That is why we said that the procés was not incompatible with the EMA, it was the Spanish position. A negotiated separation with Spain would allow us to be independent, to continue in Europe and to have the EMA. In April the president again asked the Spanish government for an agreed referendum.

In spring there was no possibility of an agreed referendum, you were pushing for a unilateral break-up, and the EU had told you that you were going to be left out. Therefore you were heading to a scenario of, at least, legal uncertainty. Do you think your comment damaged the possibilities of bringing the EMA to Barcelona?

I was the first to publicly propose bringing the EMA to Barcelona. The central government spoke days after. From the beginning, I clearly stated that we were not going to renounce to the independence of Catalonia because of the EMA. We consider both were compatible. Barcelona was not the favourite anymore when the repression [as a response to the referendum] took place.

Speaking of repression, your colleague Marta Rovira said days after the proclamation of independence that the Catalan Government heard from sources that the central government would react with a deadly response if you implemented the declaration of independence. To date, you have not provided any evidence or indicated where the information came from. 

I was in meetings where well-informed people said that there was ample evidence that there was a risk of violent intervention by the state.

Do you not think evidence should have been provided, or your sources indicated, given the seriousness of the statement?

Marta Rovira explained that, faced with the risk of violence, which was based on indications, we decided to stop the implementation of the declaration of independence. Do we have proper evidence? We have indications, and many people in meetings where these indications were explained.

Who are these people who provided these indications? Were they from the Catalan government?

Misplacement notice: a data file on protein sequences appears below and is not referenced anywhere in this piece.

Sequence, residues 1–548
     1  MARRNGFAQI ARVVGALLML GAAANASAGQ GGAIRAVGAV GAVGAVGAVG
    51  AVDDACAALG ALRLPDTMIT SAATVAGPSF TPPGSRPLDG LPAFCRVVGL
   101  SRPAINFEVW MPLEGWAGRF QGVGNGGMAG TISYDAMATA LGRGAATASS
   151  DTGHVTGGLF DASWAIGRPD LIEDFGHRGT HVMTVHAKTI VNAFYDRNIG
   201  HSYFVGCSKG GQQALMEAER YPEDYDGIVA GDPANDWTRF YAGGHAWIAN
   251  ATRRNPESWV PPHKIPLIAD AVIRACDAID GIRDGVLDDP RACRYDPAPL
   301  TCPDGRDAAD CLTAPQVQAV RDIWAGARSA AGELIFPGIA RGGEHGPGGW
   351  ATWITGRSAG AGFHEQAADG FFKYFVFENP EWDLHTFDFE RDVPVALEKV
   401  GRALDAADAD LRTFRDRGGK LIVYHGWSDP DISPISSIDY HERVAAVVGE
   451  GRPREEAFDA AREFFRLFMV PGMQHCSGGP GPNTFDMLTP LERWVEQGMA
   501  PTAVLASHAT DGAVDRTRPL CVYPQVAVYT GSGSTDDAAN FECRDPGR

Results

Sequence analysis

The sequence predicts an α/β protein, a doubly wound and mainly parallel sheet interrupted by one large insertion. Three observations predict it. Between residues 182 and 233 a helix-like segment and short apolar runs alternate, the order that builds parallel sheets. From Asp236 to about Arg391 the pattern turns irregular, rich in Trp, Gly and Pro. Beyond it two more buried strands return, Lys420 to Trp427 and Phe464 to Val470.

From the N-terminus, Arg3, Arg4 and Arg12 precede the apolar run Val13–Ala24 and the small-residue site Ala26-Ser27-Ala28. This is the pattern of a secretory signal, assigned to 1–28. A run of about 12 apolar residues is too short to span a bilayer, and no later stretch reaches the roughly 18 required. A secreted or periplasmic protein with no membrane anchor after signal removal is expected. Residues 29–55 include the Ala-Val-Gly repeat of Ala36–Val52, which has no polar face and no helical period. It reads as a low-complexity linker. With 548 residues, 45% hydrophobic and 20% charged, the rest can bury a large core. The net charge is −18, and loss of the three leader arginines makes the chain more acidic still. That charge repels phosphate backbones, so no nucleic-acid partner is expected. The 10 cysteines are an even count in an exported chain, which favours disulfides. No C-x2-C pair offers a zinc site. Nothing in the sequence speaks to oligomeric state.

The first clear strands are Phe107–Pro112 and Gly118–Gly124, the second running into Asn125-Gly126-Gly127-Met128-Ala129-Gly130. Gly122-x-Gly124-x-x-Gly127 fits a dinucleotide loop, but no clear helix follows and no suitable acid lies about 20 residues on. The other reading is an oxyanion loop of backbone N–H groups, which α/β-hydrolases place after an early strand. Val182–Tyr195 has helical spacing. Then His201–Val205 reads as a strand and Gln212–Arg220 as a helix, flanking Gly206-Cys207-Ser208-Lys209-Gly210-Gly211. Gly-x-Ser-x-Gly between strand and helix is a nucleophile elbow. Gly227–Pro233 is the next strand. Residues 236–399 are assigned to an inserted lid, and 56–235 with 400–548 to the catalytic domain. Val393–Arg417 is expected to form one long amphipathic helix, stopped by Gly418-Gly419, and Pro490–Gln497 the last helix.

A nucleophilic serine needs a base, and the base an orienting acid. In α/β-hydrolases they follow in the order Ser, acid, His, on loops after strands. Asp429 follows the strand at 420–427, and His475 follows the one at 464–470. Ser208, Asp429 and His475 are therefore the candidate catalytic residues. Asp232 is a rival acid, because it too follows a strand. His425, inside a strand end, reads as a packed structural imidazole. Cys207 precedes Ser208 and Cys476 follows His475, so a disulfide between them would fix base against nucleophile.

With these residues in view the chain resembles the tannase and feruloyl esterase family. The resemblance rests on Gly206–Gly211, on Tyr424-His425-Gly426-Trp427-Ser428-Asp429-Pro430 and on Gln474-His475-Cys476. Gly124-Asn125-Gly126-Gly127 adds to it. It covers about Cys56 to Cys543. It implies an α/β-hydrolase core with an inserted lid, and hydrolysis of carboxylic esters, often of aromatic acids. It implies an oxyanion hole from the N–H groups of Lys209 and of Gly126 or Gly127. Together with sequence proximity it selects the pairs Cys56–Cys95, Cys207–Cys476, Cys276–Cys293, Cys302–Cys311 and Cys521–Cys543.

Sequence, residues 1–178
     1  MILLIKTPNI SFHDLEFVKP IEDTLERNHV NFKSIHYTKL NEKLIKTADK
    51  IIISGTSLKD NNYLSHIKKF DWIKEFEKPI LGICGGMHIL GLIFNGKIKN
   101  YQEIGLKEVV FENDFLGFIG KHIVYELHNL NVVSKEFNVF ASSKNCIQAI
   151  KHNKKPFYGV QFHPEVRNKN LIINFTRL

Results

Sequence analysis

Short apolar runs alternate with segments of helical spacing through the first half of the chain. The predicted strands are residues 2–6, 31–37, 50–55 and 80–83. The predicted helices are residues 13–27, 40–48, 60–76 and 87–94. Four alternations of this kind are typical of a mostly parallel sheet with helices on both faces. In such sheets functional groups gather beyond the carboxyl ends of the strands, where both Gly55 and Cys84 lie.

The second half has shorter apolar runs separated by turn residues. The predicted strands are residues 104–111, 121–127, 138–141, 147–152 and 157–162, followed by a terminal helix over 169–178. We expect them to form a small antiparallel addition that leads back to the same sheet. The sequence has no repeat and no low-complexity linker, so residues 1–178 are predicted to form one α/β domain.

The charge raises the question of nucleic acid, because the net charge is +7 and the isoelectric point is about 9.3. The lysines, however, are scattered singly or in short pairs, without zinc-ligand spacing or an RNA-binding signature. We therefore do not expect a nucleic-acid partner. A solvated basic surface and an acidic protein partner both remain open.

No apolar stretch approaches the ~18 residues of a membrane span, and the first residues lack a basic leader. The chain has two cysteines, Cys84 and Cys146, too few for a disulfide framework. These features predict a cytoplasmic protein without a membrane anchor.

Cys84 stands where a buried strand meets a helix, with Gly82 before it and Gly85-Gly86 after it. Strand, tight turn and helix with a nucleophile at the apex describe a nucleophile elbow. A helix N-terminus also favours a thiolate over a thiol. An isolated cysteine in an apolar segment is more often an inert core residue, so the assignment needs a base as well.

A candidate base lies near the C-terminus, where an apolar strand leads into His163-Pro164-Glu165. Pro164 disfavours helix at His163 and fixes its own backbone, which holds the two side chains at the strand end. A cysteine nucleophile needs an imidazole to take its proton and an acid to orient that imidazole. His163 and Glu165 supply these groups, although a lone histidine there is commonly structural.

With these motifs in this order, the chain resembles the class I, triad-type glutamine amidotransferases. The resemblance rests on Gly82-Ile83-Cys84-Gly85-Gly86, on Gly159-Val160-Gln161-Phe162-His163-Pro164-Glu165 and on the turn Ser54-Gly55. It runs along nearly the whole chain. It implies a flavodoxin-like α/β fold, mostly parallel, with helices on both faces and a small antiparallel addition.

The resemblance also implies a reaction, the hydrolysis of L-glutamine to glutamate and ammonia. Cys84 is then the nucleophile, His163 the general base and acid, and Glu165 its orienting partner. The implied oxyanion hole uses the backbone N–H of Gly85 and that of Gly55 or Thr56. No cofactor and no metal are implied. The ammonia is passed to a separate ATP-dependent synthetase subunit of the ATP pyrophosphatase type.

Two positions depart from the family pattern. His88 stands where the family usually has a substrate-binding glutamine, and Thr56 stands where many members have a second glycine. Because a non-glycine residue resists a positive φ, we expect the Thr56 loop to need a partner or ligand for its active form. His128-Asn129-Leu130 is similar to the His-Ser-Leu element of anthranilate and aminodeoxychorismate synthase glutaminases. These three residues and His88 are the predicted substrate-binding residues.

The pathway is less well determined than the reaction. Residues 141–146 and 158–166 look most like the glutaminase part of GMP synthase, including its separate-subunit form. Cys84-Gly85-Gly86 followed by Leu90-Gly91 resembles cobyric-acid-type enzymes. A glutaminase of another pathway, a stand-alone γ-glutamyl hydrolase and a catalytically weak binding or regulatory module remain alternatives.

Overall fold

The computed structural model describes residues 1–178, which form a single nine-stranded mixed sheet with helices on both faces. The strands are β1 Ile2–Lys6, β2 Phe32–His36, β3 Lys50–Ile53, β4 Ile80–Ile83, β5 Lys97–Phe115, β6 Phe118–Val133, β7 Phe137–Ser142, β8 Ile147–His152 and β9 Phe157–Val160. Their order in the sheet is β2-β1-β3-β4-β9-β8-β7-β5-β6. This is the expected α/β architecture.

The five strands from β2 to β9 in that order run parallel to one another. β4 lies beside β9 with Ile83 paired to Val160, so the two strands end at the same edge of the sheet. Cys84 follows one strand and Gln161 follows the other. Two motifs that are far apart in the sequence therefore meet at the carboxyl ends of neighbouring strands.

Yes, they were. They were people to whom we had an obligation to listen, who explained to us that they had reliable information, according to which the risk of violence was real.

Have you made any mistakes over the past months? Do you regret something when you see the consequences, including the flight of companies or the social fracture?

The fracture is a consequence of the unilateralism of the Spanish government since 2010, when the Popular Party decided to take the Estatut to the Constitutional Court.

And on your side?

There are two things that we should reconsider. We held a paternalistic attitude under which we avoided mentioning all the dangers of the procés. This paternalism is not good. There should be less paternalism and we should explain clearly the dangers and risks. It is neither good setting fixed deadlines so hastily, because you limit your room for manoeuvre. I do not believe that independence must be declared 48 hours after a referendum.

So the pro-independence discourse will get darker? 

I believe that the referendum and the declaration of independence have not been in vain. They are the basis of our future that must be pursued democratically and peacefully, no matter how harsh the repression of the Spanish state may be.

I meant being more clear about the consequences, including that there would not be international recognition of a unilateral break-up, that companies would leave because of the legal uncertainty…

These are your opinions.

I am describing what has happened so far since the declaration of independence took place.

But there is no rule of logic that says that what happened in the past will continue to happen in the future.

So do you believe that if you unilaterally declare independence again there would be international recognition?

I come from political sciences, and I have always said that international relations are governed by the pragmatic principle. We have appealed to the democratic principle, and the Spanish government to legality. The pragmatic principle means that you support the winning horse. If at a certain moment, countries confirm that the Catalan republic is an irreversible reality, they will recognise it. Not the first day, not the second day. But you will end up recognising it.

Even if it is reached unilaterally and against Spain, their partner and ally?

Yes, when they see that the Catalan state actually works as such. Therefore we understand that we must force Spain to reach a negotiation that allows us to resolve this in a democratic manner.

Are you going to look for another unilateral declaration of independence?

Independence would not be declared unilaterally again because it has been already declared. You do this only once. Now we must explore how we open a political scenario in which we can implement our declaration of independence or, if that is not possible, reach a solution similar to the Scottish one.